Female sex is associated with comparable 5-year outcomes after contemporary endovascular aneurysm repair despite more challenging anatomy

Thomas F.X. O'Donnell, Hence J. Verhagen, Giovanni Pratesi, Carlo Pratesi, Joep A.W. Teijink, Frank E.G. Vermassen, Patrice Mwipatayi, Thomas L. Forbes, Marc L. Schermerhorn

Research output: Contribution to journalArticlepeer-review

23 Scopus citations

Abstract

Background: Women with abdominal aortic aneurysms less often meet anatomic criteria for endovascular repair and experience worse perioperative and long-term survival. Methods: We compared long-term survival, aneurysm-related mortality, and rates of endoleaks and reinterventions between male and female patients in the Endurant Stent Graft Natural Selection Global Postmarket Registry (ENGAGE) using 2:1 propensity score matching. Results: There were 1130 male patients and 133 female patients, yielding 399 patients after matching (266 male patients, 133 female patients). Female patients were older, with smaller aneurysms, smaller iliac arteries, and shorter, more angulated necks, and they were more often treated outside the device instructions for use (all P < .001). Through 5 years, female patients experienced overall mortality comparable to that of well-matched male patients (34% vs 38%, respectively; hazard ratio, 0.89 [0.61-1.29]; P = .54) and lower aneurysm-related mortality (0% vs 3%; P = .047). Female patients experienced higher rates of any postoperative type IA endoleak through 5 years (10% vs 1%; P < .001) but comparable rates of secondary endovascular procedures (14% vs 16%; P = .40). Female sex was independently associated with significantly higher risk of long-term type IA endoleaks (hazard ratio, 4.8 [1.2-20.8]; P = .04), even after accounting for anatomic factors. No female patient experienced aneurysm rupture during follow-up, and only one female patient underwent conversion to open repair. Conclusions: Despite more challenging anatomy, female patients in the ENGAGE registry had long-term outcomes comparable to those of male patients. However, female patients experienced higher rates of type IA endoleaks. Although standard endovascular aneurysm repair remains a viable solution for most women, whether high-risk patients may be better served with open surgery, custom-made devices, EndoAnchors (Aptus Endosystems, Sunnyvale, Calif), or chimneys is worthy of further study.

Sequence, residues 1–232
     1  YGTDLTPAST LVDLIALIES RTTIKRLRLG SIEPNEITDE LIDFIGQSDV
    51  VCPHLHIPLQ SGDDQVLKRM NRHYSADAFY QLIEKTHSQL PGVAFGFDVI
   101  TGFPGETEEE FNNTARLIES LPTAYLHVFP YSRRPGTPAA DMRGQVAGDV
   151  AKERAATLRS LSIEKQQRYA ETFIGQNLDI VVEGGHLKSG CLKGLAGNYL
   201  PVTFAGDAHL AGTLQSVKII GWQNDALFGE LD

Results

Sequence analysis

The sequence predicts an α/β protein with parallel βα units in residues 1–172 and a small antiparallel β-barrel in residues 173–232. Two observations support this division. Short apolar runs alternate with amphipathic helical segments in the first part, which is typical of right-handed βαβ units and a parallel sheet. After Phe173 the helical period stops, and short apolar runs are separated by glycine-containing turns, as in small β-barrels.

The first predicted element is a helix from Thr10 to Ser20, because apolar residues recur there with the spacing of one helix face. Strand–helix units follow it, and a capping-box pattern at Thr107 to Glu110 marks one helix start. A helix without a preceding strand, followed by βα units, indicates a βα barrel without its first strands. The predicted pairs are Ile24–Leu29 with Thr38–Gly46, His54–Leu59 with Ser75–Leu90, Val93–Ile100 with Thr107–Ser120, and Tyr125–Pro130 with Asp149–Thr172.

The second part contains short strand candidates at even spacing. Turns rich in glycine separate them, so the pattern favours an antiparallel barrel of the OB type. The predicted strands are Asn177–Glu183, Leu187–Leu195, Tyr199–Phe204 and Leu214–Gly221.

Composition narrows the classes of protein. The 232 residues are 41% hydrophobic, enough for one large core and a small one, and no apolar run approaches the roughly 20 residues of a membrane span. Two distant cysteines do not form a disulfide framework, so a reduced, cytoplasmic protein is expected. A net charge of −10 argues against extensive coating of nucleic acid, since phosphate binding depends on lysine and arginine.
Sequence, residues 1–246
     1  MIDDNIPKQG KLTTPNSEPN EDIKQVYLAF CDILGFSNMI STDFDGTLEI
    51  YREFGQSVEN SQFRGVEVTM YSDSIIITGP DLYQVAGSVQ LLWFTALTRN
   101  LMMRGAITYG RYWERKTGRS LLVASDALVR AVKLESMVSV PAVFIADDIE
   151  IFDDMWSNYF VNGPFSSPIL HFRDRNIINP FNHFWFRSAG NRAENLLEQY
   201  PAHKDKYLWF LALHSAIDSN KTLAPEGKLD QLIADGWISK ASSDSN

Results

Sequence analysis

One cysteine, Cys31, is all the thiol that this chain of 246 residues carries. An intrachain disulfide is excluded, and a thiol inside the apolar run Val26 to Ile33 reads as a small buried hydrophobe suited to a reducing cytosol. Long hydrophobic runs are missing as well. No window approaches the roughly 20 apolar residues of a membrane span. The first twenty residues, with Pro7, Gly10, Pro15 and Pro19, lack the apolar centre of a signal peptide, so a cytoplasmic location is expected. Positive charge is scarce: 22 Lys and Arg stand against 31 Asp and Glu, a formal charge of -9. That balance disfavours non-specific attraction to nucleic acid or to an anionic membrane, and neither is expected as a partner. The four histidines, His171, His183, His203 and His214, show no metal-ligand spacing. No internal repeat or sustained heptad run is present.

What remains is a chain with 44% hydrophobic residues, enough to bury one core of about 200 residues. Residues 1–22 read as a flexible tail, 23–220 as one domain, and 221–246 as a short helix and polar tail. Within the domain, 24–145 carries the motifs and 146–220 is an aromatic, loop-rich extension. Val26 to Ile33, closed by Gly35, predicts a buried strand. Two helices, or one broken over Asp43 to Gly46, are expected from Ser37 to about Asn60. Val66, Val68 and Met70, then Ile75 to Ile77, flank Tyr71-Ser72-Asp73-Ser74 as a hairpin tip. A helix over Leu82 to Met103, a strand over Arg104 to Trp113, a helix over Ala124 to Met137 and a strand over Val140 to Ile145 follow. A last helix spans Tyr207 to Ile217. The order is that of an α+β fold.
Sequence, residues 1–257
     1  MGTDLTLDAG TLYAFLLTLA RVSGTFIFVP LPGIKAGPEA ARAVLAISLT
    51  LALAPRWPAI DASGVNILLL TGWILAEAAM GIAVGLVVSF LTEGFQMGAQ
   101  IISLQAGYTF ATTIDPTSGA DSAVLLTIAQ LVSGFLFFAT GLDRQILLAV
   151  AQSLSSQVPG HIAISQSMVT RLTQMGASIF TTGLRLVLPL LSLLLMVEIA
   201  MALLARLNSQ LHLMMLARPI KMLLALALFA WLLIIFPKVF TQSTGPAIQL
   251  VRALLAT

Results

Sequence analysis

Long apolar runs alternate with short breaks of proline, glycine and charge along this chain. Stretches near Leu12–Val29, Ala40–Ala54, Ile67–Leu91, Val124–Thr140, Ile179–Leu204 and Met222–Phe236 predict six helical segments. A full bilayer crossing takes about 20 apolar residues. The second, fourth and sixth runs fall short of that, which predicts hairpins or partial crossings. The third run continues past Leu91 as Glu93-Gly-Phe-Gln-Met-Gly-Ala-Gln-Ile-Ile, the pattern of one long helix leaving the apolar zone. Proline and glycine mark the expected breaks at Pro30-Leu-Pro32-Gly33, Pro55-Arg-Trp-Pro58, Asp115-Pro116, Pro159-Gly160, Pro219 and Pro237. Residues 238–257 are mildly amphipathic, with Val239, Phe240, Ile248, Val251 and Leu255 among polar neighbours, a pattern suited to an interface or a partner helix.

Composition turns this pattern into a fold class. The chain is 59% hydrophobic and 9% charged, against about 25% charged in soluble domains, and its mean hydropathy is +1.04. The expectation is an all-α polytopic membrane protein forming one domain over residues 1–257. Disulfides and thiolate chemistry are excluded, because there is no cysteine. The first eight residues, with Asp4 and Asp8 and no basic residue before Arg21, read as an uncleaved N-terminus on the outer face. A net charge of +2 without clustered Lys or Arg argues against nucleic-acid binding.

Original languageEnglish
Pages (from-to)1179-1189
Number of pages11
JournalJournal of Vascular Surgery
Volume71
Issue number4
DOIs
StatePublished - Apr 2020
Externally publishedYes

Keywords

  • Abdominal aortic aneurysm
  • EVAR
  • Endovascular aneurysm repair
  • Gender
  • Sex

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